New York deaths ‘obnoxiously high’: Governor
The rate of new coronavirus infections across New York remained flat today and hospitalisations fell to their lowest number in a month, but there was also "bad news".
Deaths in the past 24 hours climbed to 299, an "obnoxiously" high number according to Governor Andrew Cuomo.
The statewide New York death toll is now a staggering 24,368, which is higher than the toll in most countries.
"That number has remained obnoxiously and terrifyingly high," Mr Cuomo said from the Metropolitan Transportation Authority's corona maintenance facility in Queens.
Starting this week, subway cars will be disinfected nightly at that location - a critical step toward the Big Apple's eventual reopening.
But as governors across the United States planned to partially reopen their states this weekend, Mr Cuomo said such action would be premature in the New York.
"Use information to determine action - not emotions, not politics, not what people think or feel but what we know in terms of facts," Mr Cuomo said.
Another 831 New Yorkers were admitted to hospitals with coronavirus cases on Friday (local time), the lowest one-day admission number since March 24, he said. But despite the drop, that number remains too high.
"We're still getting about 900 new infections every day walking into the hospital," said Mr Cuomo.
"That is still an unacceptably high rate."
Of those, more are coming to hospitals in Manhattan than in any other borough - 17.3 per cent, followed closely by Brooklyn, which accounts for 16.7 per cent of new daily hospitalisations.
Included in the daily death total were 23 more fatalities in the nursing homes, the Governor said.
More than 10,300 New Yorkers remain in the hospital with COVID-19, with 2923 on ventilators in intensive care.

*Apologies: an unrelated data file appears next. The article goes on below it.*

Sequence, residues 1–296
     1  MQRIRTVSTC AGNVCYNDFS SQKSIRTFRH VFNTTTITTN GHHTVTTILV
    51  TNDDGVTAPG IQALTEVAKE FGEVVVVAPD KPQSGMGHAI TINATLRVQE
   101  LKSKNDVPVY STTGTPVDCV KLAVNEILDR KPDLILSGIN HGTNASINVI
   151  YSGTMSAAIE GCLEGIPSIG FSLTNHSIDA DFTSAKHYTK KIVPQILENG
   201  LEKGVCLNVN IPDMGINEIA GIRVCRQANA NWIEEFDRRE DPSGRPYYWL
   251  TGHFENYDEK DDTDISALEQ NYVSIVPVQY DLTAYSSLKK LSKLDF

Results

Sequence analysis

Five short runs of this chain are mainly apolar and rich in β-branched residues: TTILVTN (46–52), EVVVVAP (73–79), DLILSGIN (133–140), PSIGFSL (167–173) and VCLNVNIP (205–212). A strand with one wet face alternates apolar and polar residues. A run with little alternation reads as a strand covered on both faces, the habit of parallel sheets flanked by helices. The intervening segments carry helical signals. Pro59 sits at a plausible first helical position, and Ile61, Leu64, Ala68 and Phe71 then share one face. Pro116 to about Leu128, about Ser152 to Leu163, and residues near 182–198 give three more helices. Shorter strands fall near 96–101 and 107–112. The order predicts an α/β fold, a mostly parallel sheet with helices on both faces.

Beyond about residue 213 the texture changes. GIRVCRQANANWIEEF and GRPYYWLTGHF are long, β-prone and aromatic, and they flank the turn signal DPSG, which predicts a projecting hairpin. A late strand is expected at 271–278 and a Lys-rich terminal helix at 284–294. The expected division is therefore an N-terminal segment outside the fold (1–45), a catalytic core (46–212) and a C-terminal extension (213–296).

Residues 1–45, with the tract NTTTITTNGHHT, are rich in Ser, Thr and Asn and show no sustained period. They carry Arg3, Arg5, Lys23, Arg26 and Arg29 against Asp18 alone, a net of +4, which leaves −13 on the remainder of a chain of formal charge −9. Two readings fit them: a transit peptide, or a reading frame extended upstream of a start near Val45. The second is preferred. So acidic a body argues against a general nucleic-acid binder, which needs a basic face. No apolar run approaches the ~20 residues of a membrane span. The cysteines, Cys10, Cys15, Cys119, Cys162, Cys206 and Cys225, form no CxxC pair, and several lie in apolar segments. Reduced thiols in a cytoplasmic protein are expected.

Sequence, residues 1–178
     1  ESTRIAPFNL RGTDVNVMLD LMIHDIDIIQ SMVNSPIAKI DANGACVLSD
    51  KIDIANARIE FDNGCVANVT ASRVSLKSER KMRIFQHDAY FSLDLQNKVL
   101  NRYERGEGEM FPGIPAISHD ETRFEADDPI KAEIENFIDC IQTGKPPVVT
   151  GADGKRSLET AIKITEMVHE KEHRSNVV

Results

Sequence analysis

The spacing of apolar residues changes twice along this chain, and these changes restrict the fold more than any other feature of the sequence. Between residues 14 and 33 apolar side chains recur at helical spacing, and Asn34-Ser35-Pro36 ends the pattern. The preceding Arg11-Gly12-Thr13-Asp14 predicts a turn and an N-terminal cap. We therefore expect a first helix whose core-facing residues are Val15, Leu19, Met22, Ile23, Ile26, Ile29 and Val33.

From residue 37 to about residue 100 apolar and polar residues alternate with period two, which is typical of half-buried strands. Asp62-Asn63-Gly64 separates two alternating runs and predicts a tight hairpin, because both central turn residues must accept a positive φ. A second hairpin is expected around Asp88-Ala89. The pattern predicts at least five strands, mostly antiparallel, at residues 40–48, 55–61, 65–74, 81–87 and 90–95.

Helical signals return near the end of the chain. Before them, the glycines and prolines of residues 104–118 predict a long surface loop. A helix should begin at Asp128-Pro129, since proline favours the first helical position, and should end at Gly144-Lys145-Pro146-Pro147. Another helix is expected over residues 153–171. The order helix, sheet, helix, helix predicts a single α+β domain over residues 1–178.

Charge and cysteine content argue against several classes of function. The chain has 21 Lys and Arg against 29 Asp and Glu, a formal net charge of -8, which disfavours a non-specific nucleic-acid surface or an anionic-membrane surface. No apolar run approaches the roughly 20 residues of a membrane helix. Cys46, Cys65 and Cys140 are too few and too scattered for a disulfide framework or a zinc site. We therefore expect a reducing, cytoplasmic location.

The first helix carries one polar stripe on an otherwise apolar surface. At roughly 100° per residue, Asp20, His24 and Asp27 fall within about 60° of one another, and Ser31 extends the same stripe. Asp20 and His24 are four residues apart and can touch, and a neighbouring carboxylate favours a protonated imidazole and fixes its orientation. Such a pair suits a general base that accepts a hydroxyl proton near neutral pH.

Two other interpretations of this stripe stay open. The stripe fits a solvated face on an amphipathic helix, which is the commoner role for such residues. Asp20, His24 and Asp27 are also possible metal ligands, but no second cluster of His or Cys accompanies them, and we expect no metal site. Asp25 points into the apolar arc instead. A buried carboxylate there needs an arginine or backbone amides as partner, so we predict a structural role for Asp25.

New diagnoses grew by 4663 on Friday, for a statewide total of 312,977 people having tested positive for the virus.
Mr Cuomo also announced more results of the antibody testing program state health officials began on April 22 - the largest of its kind in the US.
As of last week, more than 15,000 people have been screened statewide, and 12.3 per cent had been found to have the antibodies that signal a previous COVID-19 infection.
In New York City, the percentage of those positive for antibodies stood at about 20 per cent on Saturday.
The Bronx has been hit hardest of any borough. Residents there account for 28 per cent of all city residents testing positive for antibodies.
State workers will distribute seven million face masks, starting now, to high-risk communities, including NYCHA complexes and nursing homes.
The state will also distribute $US25 million to food banks across the state, with $US11 million going to New York City, he said.
The number of new infections continued to rise across the US as more and more states relaxed stay-at-home orders and Americans went shopping, out to eat or to parks.
Nationwide, 1.1 million people have tested positive for the virus and 66,045 have died, according to Johns Hopkins University's database.
In Washington, crowds flocked to the National Mall to watch a flyover by the Blue Angels and Thunderbirds in honour of essential workers. Not everyone was wearing a mask.
In Georgia, where the stay-at-home order was lifted for most residents on Friday, the number of confirmed cases climbed for two days, topping off at 28,306 on Saturday afternoon with 1,174 deaths, according to the state's health department.
A trio of counties in the southwestern part of the state have some of the highest per capita rates of infection in the country, The Wall Street Journal reported.
The small New Mexico city of Gallup was nearly completely locked down this weekend after 1000 of its 22,000 residents tested positive for COVID-19.
In Mississippi, Governor Tate Reeves was to proceed with his plan to get people back to work, but announced a change of plans on Friday as 397 new coronavirus cases were confirmed and 20 more people died.
Worldwide, more than 3.4 million have tested positive for the virus and 242,000 have died.
This article originally appeared in The New York Post and has been republished with permission.
Originally published as New York deaths 'obnoxiously high'